McDonald’s raises the bar for children’s food with new nutritional standards for Happy Meals

By Elizabeth Crawford

- Last updated on GMT

McDonald’s raises the bar for children’s food with new nutritional standards for Happy Meals
McDonald’s aggressive goals to improve the nutrition and limit the calories of its Happy Meals “has tremendous potential to improve child nutrition” and raises the bar for kid’s meals at by fast casual restaurants and CPG manufacturers, according to a top executive at the Alliance for a Healthier Generation.

“For the first time ever, across the entire world, there are nutrition criteria for the Happy Meals related to calories, sodium, sugar and saturated fat,”​ Howell Wechsler, CEO of the Alliance for a Healthier Generation, told attendees at the Partnership for a Healthier America Summit in Washington, DC, this month.

While McDonald’s has several years to meet the new criteria, it is “already moving very quickly. So, by next month 100% of the Happy Meal combinations in the US will meet the criteria of 600 or fewer calories, which is very consistent with what public health advocates would like to see,”​ he said.

“The consequence of this commitment was the cheeseburger had to be taken off the Happy Meal menu. They are cutting in half the portion size of French fries with the six piece McNuggets, which is one of the most popular entrees for kids. They are reformulating the chocolate milk so it has fewer calories and less sugar, and for the first time, they are going to offer bottled water as a beverage item,” ​he explained.

In addition, McDonald’s committed to simplifying ingredients, increasing transparency of the nutrition information, responsibly marketing to their children and, “what I think is the most exciting, is they are publically committing to use their marketing genius to promote healthier choices,”​ Wechsler said.

McDonald’s isn’t stopping at making the changes. It also is tracking uptake by consumers to verify if consumers are following the company’s lead and understand how the changes are heathier, he added.

The new commitments build on changes that McDonald’s made with help from the Alliance for a Healthier Generation several years ago, including a commitment to increase access to fresh fruit, vegetables, dairy and water, Silvia Lagnado, global chief marketing officer at McDonald’s told conference attendees.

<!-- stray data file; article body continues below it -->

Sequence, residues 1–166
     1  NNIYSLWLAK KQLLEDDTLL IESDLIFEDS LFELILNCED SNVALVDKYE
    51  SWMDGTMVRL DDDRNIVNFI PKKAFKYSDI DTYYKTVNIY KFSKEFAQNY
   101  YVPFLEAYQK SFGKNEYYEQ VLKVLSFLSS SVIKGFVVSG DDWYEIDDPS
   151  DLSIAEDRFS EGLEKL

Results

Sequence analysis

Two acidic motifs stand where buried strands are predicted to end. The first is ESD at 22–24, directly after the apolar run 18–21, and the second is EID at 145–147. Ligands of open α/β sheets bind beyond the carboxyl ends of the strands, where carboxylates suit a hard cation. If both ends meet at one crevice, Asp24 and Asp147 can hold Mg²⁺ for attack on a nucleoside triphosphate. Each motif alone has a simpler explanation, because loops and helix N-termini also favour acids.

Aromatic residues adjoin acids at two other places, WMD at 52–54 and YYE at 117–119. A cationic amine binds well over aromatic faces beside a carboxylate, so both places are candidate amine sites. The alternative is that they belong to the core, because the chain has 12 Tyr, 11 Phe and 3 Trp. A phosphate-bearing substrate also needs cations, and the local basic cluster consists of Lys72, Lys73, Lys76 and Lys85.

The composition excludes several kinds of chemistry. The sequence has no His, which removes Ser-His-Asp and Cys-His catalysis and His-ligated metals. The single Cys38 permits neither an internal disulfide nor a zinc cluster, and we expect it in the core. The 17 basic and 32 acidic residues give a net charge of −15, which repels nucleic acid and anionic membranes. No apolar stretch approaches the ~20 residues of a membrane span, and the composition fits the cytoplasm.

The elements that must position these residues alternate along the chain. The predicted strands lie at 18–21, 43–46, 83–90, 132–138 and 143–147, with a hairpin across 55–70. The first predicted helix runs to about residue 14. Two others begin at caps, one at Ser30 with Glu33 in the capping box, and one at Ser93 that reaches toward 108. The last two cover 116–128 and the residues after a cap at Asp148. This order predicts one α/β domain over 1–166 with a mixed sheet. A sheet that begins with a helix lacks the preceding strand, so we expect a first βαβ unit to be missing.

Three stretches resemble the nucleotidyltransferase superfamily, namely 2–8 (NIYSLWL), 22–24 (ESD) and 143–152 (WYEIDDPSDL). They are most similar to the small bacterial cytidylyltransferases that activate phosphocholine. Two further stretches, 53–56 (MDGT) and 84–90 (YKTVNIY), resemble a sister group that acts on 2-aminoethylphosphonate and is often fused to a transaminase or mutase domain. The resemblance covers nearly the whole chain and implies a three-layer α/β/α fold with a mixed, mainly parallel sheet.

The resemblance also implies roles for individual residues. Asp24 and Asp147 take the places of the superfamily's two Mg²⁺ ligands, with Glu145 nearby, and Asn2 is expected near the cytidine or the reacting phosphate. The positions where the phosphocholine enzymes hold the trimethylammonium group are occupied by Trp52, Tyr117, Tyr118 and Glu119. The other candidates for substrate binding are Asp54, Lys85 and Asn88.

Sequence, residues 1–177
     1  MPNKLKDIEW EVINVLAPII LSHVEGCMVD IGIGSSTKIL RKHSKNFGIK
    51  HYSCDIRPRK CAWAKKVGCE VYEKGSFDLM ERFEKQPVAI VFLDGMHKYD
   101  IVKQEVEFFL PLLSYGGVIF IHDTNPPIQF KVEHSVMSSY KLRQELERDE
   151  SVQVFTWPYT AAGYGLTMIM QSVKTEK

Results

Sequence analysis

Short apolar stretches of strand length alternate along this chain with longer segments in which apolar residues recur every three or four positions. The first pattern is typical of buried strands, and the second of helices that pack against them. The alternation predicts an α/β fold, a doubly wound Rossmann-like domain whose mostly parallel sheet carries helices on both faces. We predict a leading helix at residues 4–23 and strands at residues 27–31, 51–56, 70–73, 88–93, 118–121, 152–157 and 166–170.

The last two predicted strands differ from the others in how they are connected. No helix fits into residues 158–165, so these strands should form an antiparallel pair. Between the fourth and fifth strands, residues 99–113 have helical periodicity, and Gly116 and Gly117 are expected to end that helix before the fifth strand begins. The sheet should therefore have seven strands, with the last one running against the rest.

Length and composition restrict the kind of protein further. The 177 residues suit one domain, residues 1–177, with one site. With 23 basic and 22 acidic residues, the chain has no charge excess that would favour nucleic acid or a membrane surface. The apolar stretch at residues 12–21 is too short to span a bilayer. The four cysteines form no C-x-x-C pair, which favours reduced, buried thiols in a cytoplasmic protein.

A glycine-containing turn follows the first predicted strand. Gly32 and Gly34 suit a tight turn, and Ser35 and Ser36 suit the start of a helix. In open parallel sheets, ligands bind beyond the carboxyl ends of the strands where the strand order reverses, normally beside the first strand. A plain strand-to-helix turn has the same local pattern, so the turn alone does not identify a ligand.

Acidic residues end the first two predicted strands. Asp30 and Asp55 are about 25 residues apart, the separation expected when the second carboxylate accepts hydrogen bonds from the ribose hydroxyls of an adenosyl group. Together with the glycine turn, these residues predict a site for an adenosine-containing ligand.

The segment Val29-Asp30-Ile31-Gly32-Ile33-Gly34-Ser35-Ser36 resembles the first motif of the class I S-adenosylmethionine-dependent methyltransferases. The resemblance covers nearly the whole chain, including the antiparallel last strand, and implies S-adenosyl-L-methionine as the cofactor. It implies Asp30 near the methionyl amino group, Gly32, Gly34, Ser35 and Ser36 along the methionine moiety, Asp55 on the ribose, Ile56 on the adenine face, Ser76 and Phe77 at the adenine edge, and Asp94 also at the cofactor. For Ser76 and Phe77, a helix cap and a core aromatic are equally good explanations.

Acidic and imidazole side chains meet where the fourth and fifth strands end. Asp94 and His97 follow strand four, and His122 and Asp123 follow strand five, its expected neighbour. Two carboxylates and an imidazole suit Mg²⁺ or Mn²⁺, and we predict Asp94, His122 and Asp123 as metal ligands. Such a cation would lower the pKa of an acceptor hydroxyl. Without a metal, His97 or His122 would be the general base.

“In the process of saying how do we do these things in each market, we have leveraged what is right for the customer in the market and what is possible in the supply chain in that market,”​ she said. “For example, we have apple slices on the US menu, pineapple slices in Europe, melon in Spain, cherry tomatoes in Brazil, flower shaped little carrot sticks in Switzerland and corn cups in Asia.”

The reach of McDonald’s leadership

At the same time, McDonald’s removed soda from its menu boards – a change that inspired other fast food chains to follow suit and shows the potential larger impact of the most recent changes as well, Wechsler said.

“The 2013 commitment really demonstrate McDonald’s leadership. McDonald’s is a giant in fast food and when they took the bold step of taking soda off the Happy Meal menu, guess what? One by one over the next year, most of the other leading fast food companies did the same thing,”​ he said.

“The other thing it demonstrated was the power of scale. When McDonald’s says they’re going to introduce new kid-friendly fruit and vegetable items, this sounds lovely. That is terrific. But you have to realize the implications of that. Our evaluation report from 2016 showed that the first new fruit offering that they put out, the Little Cuties Clementines … when they were available, McDonald’s delivered 180 Cuties per minute,”​ he added.

Nudging change

Lagnado said she believes McDonald’s can sell even more produce through gentle prompts. For example, she said at kiosks when parents order a Happy Meal without ordering fruit the company asks if they would like to add an order of fruit for a low price, and as a result the brand has “seen phenomenal results and uptake.”

The company also will encourage children to select healthier options when order Happy Meals by making a game in which children can scan the packaging of the more nutritious options and get extra energy for their characters in a virtual reality game, she said.

“These are just a few of the ways we are nudging the pickup rate for the better-for-you items. And, we will keep going,”​ she promised.

 Editor’s Note: Learn more about how children’s menus are evolving and other changes in food service to help kids eat healthier at FoodNavigator-USA’s Summit: Food For Kids! this fall in Chicago. Get all the details and register HERE​.

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